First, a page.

I figured this episode would have the Red Wedding, and thought I was prepared for it but wow, when they stabbed Talisa so brutally, it was so shocking I almost had to stop watching. My son, who has not read the books, absolutely refused to keep watching after Rob dies, so he missed Catelyn's demise (he did watch the rest the next day but is very pissed off about it). 

Joshua Chaplinsky's picture
Joshua Chaplinsky from New York is reading a lot more during the quarantine June 4, 2013 - 9:22am

@Rob: How do you expect to compete with Daario Naharis for Daenerys' favor if you can't stomach a little fetus stabbing? She needs a real man.

Andreia Marques's picture
Andreia Marques from Brazil is reading Oryx and Crake - Margaret Atwood June 4, 2013 - 1:56pm

To be fair, in the books Robb doesn't marry for love, exactly; he marries because he dishonored some minor lordling's daughter with his penis (from the Westerlands. From Tywin Lannister's Westerlands. How can one be so stupid I don't even know - wait, I do. Teenager.) and felt the honorable thing to do was to marry her. So he follows the same mistakes his father did: being honorable to a fault and to the exclusion of all else. Of course, the honorable thing would have been to NOT sex up some random lordling's daughter, but, there is that.

To me the events in the series make Robb twice the idiot he was in the books, because marrying some random foreigner you happen to like over keeping your word with an old man you've been repeatedly warned is not going to take the breaking of said word lightly, that's basically sentencing yourself to death. He was as stupid as Ned on that regard (telling Cersei to flee? Honestly?) and paid the price just as Ned did.

In the Game of Thrones world, being honorable is worse than having grayscale.

Michelle Kidd Tackabery's picture
Michelle Kidd T... June 4, 2013 - 4:18pm

What a great extended scene, when the Starks are all murdered. No slo-mo, just bam, bam, bam, a pregnant pause, and then bam, they are all dead. Catelyn going was truly awful, befitting the grand upset of the third book. I thought the brutality fit the medieval settings of the novel, and the pace was very realistic, especially Catelyn still standing up, bleeding from the throat, just before she finally fell and died. (Death is messy and slow. Look at how many arrows it took to fell Robb.) Ow, ow, ow. Give that woman an Emmy. I loved that character, and knowing she was going to get dead was a terrible tension all season. But, Arya watching Robb's wolf die was the absolute worst. The look on Maisie Williams' face was pure terror.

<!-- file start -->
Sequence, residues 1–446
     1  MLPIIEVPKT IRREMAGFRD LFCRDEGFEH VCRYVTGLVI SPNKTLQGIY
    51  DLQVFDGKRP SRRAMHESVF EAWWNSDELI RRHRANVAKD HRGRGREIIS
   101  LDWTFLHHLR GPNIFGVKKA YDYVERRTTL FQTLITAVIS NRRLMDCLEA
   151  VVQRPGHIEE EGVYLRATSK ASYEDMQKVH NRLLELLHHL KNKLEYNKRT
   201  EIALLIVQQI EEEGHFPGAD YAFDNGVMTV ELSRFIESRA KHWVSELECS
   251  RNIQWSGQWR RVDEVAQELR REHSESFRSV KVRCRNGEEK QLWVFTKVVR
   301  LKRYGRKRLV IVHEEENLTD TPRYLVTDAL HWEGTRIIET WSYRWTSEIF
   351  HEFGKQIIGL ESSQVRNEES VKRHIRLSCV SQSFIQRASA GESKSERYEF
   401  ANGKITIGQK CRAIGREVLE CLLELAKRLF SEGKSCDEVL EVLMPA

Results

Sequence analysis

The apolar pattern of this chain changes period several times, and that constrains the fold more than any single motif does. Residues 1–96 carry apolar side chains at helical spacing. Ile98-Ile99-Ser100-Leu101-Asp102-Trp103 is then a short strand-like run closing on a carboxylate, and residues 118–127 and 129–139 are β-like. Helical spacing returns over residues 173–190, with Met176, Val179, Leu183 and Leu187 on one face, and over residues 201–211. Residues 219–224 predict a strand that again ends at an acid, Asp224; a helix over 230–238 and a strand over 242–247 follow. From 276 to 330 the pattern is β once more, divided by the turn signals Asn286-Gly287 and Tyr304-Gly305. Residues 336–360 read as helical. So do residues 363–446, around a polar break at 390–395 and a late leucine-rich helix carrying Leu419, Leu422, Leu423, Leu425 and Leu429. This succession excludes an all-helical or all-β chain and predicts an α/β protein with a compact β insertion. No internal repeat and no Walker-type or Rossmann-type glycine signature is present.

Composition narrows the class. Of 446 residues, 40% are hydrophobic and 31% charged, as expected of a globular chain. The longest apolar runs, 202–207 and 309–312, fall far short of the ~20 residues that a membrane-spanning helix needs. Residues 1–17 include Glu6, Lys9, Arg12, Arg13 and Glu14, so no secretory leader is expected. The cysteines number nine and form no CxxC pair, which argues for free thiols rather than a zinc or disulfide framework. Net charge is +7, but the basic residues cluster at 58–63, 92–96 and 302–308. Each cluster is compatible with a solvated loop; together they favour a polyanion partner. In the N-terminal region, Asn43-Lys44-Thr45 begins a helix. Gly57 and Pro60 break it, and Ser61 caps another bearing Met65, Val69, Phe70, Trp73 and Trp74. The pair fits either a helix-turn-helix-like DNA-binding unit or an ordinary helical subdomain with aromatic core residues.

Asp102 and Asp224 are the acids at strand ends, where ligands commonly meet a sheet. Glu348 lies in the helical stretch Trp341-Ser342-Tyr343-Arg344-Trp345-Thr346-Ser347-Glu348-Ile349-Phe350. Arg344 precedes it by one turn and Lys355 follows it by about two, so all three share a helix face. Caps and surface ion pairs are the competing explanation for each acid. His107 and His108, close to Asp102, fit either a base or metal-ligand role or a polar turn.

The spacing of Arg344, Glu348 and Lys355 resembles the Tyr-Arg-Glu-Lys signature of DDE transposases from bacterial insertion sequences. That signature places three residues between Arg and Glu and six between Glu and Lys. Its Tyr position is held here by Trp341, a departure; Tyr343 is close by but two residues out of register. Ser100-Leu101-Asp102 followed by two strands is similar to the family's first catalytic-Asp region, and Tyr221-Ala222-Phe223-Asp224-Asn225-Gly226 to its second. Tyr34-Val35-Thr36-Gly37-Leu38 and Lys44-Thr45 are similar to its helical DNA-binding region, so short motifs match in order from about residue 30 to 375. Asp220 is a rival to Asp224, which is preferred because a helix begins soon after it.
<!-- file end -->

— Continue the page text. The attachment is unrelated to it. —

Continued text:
All in all, this episode was just like a car wreck. I could not look away. 

I was also glad that Bran and Rickon's story finally got somewhere because it was a snoozer. Seems like they could have condensed all of those scenes in about a quarter of an episode. Oh well. If the Royal Wedding doesn't happen in the finale, though, I think I will go postal. The only way to get over the Red Wedding is to witness Joffrey and Margery. What happens there is like Martin's salve to the reader for slashing up so many good people in the third book.


Michael.Eric.Snyder's picture
Michael.Eric.Snyder June 4, 2013 - 4:58pm

Those of us who've read the books are tittering behind the scenes. There are more surprises to come, perhaps next week, next year, or years down the line. I'll never tell. Except to say:

There's more to come.


<evil mad scientist alchemist laugh>

Renfield's picture
Renfield from Hell is reading 20th Century Ghosts June 4, 2013 - 8:21pm

I told my lady friend, who hasn't read the books, that Tyrion would die this episode to throw her off. It worked great, she was gutted by the end of the episode.

I had similar feelings that the big scene seemed to suffer for lack of a big budget. A lot less chaotic than I had imagined, and I did think the lingering death shots left a little to be desired, especially after the brutal as shit fetus stab death. That has to be the greatest, most horrifying shot of the series so far. In my head I imagined a really close-up shot of Catalyn's neck being slashed to end the season, but I think it was paced well for it to happen this episode. My second guess as to a season-closing shot would have been Tyrion's revenge scene, but I doubt they will fit in the Royal wedding next week, not only for the news of the masacre to permeate but also because there's a lot of Sansa's story left to fill in.

I think what really tied in the Yunkai storyline to the theme of woeful loss this episode was all in Iain Glen's reaction, that moment they get back from the sacking and Dany's all like "where's the porn star lookin dude?" and he's totally crushed. That was some amazing face acting.

Jeff's picture
Jeff from Florida is reading Another Side of Bob Dylan by Victor Maymudes June 6, 2013 - 12:13pm

 I was stunned to watch Rob, Talisa, Catelyn get it like that and Frey sitting there -- bemused villain.

After a while I appreciated the Shakespearian power of the betrayal but damn -- for the eldest son to get cut down without a fight was poisonous.

The horror.



James McArthur's picture
James McArthur from Potato is reading a book June 7, 2013 - 12:31pm

As I said to my dad, at least now we can look forward to The Purple Wedding.